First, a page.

A suit is a category in which playing cards are sorted in order to differentiate them from other cards of the same rank. A standard 52-card French deck divides the cards into four suits: clubs ♣, diamonds ♦, hearts ♥, and spades ♠. In games such as blackjack and baccarat, the card’s suit plays no significance to the gameplay. In games like poker, on the other hand, the card’s suit is important for creating certain powerful card combinations (see flush).
Being a recent American invention and not counted one of the 52 cards of a deck, Jokers are the only cards not to have a suit. Instead, they just have a color (red or black).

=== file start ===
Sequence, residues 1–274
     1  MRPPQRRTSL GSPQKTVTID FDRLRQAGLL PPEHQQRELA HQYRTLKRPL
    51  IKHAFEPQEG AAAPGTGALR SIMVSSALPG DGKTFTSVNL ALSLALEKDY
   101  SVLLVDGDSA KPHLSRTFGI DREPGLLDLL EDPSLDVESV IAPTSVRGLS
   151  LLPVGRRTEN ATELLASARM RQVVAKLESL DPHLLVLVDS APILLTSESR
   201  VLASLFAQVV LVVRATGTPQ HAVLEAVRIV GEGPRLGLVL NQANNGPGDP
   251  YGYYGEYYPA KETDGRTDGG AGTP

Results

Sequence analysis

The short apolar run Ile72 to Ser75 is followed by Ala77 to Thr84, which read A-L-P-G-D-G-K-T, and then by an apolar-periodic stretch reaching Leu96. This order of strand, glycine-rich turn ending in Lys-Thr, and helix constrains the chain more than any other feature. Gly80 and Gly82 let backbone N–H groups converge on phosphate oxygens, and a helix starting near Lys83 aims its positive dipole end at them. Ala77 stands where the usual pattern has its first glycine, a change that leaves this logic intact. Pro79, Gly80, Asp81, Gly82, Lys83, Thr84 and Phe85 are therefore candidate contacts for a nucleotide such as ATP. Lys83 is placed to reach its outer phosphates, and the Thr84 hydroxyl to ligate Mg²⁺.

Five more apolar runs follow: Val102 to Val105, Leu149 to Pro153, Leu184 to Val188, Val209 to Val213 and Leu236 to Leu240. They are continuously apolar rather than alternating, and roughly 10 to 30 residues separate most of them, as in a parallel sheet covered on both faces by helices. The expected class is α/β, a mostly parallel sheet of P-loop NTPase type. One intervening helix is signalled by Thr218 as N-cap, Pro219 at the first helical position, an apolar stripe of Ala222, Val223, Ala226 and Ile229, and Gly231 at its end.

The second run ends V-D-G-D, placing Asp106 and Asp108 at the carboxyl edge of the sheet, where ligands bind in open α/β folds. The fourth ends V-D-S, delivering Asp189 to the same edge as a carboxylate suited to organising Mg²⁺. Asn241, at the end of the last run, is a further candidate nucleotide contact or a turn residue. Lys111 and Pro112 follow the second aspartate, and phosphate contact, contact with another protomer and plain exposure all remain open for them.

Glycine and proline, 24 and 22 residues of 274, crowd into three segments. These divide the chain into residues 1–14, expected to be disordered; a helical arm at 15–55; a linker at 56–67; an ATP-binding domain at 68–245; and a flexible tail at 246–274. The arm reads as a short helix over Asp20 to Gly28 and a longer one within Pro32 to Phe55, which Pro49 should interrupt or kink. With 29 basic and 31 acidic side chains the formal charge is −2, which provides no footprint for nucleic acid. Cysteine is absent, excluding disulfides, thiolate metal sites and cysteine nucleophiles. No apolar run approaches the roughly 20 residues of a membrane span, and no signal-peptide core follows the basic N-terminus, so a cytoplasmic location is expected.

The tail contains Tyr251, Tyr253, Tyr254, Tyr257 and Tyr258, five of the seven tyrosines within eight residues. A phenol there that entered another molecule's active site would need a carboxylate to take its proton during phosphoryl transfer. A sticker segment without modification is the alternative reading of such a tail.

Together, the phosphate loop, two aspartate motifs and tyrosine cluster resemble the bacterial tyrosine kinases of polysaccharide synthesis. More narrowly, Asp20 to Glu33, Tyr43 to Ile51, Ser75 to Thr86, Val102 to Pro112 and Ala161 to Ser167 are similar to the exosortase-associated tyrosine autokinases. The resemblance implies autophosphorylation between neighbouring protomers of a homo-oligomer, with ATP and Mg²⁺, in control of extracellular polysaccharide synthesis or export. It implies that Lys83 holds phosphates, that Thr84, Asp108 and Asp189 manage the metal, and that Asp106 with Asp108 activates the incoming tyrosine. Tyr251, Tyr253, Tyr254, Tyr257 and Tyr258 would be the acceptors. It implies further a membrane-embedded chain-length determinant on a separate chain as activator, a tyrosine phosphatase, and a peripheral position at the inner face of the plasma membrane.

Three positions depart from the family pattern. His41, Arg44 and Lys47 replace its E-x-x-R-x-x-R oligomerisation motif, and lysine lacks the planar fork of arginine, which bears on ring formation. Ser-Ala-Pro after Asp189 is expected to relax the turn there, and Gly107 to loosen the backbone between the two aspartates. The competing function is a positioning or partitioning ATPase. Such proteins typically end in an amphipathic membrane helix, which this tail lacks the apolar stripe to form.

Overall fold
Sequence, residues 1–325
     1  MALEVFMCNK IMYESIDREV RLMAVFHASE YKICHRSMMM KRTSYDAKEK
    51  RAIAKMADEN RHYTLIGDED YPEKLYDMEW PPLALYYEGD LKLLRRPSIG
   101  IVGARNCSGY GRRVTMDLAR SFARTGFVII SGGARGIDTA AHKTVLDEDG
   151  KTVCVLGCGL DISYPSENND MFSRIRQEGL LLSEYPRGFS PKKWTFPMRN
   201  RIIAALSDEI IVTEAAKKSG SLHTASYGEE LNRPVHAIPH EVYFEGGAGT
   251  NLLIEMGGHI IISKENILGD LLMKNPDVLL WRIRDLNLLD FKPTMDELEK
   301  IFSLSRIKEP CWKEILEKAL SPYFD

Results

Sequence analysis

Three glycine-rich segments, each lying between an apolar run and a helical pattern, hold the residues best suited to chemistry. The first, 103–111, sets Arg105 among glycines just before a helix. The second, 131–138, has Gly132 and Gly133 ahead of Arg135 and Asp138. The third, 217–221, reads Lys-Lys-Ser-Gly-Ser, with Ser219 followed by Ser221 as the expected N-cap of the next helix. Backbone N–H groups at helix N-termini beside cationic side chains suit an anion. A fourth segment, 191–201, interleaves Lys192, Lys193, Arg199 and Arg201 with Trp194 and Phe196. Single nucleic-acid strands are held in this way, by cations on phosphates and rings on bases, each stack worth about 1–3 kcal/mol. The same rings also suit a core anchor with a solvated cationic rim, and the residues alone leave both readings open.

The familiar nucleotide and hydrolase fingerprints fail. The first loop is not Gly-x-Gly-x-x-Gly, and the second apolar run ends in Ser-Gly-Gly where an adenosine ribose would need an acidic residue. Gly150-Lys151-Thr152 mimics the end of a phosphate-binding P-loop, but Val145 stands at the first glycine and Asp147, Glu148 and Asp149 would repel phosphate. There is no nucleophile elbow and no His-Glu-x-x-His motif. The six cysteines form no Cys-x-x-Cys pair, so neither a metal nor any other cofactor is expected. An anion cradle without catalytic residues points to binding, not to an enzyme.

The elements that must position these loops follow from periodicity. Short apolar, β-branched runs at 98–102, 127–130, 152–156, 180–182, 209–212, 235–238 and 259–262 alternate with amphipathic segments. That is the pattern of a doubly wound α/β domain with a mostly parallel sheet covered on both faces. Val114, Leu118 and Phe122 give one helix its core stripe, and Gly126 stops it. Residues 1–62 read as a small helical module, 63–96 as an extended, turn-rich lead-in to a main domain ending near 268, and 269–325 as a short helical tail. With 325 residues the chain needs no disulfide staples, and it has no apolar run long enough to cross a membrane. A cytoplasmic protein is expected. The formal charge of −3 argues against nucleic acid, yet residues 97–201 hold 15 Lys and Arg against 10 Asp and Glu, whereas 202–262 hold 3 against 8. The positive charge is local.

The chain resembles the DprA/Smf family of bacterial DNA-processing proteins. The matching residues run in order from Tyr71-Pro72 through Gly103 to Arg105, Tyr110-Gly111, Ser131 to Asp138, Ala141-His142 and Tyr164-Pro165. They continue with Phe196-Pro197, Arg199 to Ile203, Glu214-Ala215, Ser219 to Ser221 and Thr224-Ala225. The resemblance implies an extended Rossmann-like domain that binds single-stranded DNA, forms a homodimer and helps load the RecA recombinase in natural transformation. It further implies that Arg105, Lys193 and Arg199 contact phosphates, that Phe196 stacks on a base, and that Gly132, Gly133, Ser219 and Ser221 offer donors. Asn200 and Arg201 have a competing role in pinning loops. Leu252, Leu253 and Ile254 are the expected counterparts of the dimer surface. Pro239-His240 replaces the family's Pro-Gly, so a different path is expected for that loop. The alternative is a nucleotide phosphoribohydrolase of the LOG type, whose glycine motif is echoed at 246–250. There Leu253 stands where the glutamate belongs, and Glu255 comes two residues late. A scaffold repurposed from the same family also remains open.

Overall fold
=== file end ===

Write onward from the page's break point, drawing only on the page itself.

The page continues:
Tarot decks typically have an additional fifth suit, trumps.
Regional Differences in Card Suits
Italian playing cards divide the cards into the following suits: cups, coins, clubs, and swords.
Spanish cards divide the cards into cups, coins, clubs, and swords.
German decks have hearts, bells, acorns, and leaves.
Swiss decks divide the cards into roses, bells, acorns, and shields.
Playing card suit:
- Category in which playing cards are sorted in order to differentiate them from cards of the same rank.
- Suits differ depending on the style of deck that is being played.
- In a typical French deck: clubs, diamonds, hearts, and spades.